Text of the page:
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HOUSTON (KIAH) –  Bat week is October 24th to October 31st!  We use this time to celebrate the many contributions bats make… like eating mosquitoes! Bats migrate each year. When cold fronts begin to arrive in Texas around late October to mid-November, bats will migrate south to caves in Mexico. They will spend their winters there but will return to the Houston area in February!

White oak bayou encompasses over 17 miles of public green space and hike-and-bike trails within Houston’s city limits. In the past two years, creating new bat houses surrounded by habitat has become a renewed focus of the Houston Parks Board Conservation program. The White Oak Bayou Greenway trail also intersects with the Houston Heights Hike and Bike Trail three times, passing through the historic Heights and Woodland Heights communities. This bayou is also home to a very special and spooky native species. While running these trails you may not always be able to see them, but their voices cannot be mistaken!

“EEEDDDEDEDEDEDEEEEE, but even higher pitched than that. It is real sporadic,” says Marissa Llosa, a member of the Houston Parks Board.  

Not every bridge or bayou in town is fit for these, primarily Mexican Free Tail bats, to call home, but Watonga bridge has structural qualities that they need.  

“It allows for the bats to sneak into the crevices and be safe from predators”, says Llosa. 

If the bats call “under the bridge” their home… Then what is the purpose of these bat boxes?  

“In times of stress, like flood events, for example, Tax Day flood or Harvey. The water in white oak is obviously going to rise.,” Llosa adds. 

The water can and has reached the bottom of the bridge, almost overtopping it. If the bats stay there, they will drown. The boxes serve as a bat haven, or an evacuation route in the case of poor weather.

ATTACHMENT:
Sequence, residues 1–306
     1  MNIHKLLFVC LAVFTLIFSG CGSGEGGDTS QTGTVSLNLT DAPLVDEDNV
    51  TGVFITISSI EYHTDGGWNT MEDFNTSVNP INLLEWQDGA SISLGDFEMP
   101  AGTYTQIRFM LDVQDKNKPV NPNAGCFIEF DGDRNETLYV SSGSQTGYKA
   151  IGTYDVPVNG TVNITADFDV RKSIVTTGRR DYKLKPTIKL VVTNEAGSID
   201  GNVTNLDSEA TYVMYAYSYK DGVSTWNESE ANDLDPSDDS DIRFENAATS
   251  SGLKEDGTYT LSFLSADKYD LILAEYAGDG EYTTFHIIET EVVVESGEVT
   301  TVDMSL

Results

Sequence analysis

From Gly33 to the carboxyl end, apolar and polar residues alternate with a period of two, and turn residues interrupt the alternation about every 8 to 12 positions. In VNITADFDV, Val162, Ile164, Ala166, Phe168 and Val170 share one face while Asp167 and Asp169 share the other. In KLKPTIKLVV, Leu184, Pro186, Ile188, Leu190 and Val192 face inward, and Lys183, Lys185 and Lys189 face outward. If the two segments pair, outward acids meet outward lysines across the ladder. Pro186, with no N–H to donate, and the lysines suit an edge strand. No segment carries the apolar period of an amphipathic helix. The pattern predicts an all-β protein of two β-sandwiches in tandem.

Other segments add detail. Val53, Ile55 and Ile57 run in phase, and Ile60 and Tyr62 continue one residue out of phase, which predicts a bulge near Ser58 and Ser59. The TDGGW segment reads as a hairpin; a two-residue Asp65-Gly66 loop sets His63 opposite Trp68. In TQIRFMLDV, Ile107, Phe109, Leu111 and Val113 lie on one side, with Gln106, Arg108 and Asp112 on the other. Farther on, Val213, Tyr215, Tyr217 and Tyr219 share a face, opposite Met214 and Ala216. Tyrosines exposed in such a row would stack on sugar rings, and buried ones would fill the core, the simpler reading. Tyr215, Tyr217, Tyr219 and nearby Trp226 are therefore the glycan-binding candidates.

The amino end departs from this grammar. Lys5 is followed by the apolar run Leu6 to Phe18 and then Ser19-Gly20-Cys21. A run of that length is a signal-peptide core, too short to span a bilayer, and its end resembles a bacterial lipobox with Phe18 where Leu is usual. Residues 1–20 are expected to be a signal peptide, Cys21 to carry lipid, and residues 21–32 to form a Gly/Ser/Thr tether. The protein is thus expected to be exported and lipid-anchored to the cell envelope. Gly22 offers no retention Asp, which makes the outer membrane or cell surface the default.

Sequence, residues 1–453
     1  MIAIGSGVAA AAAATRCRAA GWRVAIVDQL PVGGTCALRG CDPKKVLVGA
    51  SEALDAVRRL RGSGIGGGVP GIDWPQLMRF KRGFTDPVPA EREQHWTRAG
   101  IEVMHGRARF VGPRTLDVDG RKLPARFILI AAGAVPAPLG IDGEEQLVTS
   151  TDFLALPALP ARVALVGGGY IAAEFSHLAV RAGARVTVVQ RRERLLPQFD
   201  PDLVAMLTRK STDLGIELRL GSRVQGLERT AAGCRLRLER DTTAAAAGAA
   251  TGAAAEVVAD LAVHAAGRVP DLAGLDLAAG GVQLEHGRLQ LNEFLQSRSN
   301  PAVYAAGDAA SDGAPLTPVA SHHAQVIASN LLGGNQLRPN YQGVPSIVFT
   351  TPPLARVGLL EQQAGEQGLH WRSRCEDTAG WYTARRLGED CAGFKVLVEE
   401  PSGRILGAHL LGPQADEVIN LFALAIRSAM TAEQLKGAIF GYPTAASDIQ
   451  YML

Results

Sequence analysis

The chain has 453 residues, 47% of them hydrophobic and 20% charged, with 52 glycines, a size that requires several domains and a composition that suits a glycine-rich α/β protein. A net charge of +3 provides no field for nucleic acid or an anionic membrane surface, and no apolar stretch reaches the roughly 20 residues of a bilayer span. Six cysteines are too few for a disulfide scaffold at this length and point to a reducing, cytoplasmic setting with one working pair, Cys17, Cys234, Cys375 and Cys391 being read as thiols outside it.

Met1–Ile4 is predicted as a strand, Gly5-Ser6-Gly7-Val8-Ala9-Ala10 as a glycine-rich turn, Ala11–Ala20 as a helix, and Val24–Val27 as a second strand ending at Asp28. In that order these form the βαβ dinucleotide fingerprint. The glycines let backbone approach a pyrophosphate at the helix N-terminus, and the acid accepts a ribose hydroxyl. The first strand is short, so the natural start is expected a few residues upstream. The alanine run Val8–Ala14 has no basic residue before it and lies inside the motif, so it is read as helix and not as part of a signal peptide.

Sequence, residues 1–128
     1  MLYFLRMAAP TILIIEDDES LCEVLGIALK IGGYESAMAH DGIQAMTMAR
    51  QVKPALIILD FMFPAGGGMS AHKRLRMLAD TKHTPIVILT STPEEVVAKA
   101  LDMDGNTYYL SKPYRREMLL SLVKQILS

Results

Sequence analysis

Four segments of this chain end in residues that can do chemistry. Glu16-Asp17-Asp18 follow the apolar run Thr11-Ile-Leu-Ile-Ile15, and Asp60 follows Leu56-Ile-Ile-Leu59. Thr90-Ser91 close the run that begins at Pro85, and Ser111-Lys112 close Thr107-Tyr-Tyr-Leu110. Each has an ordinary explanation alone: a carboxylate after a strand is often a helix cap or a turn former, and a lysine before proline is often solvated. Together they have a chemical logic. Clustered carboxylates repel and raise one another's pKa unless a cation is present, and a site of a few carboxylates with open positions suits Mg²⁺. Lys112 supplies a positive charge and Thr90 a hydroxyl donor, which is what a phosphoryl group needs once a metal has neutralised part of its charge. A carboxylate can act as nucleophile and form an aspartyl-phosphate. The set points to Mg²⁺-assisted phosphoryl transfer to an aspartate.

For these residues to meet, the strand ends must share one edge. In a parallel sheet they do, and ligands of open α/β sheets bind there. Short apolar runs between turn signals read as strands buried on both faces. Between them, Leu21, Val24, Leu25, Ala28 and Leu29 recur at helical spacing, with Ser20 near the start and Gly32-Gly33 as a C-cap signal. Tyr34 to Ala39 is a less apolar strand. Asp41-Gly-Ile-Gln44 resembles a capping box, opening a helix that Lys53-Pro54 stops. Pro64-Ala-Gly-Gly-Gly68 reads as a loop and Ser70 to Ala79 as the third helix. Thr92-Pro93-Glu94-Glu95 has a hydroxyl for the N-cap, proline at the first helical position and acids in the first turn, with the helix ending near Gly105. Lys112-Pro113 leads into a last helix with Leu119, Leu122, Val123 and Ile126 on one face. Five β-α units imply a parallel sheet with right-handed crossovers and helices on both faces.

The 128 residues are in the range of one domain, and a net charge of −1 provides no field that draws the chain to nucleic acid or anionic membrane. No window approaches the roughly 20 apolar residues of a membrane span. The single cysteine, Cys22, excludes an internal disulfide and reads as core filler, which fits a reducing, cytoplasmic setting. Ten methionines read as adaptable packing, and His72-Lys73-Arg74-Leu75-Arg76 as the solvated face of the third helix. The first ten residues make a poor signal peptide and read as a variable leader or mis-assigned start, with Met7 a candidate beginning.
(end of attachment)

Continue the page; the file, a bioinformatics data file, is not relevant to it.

“That gives them an opportunity to escape and to just kind of ride out a storm, and then they can go back into their normal colonies,” Llosa. 

February’s winter storm took a toll on Houston’s bat population. Bats need it to be much warmer than the temperatures we experienced.  

“At certain temperatures bats will not emerge out of their roosting areas. What ended up happening is that they were lacking in food, starving to death, and they were also not able to get water, so they were dehydrating. A lot of them unfortunately perished,” Llosa says. 

The Houston Parks Board was able to rescue multiple bats that fell out of their roosting areas during the cold and get them to a safer place to rise out the hazardous conditions.  

However, while doing this they were being safe. Although they may look cute… 

“They actually have really adorable faces that look like puppy faces,” Llosa. 

Toching one of these bats can be dangerous.  

“We definitely discourage people from trying to pick them up by hand, remember you are picking up an animal that is in stress, and an animal that will probably react to that… It is scared. They could bite so it is best to just leave them be.,” Llosa replied. 

If you see a downed bat, you should call Texas parks and wildlife, a wildlife rehabber, or the Houston parks board. 

Saturday, October 30, Houston Parks Board is hosting #ParksByYouDay – a volunteer event focusing on Prairie Restoration to celebrate International Bat Week which runs from October 24th to October 31st. Prairies are a vital part of Houston’s ecosystem, especially for pollinators, birds, and bats.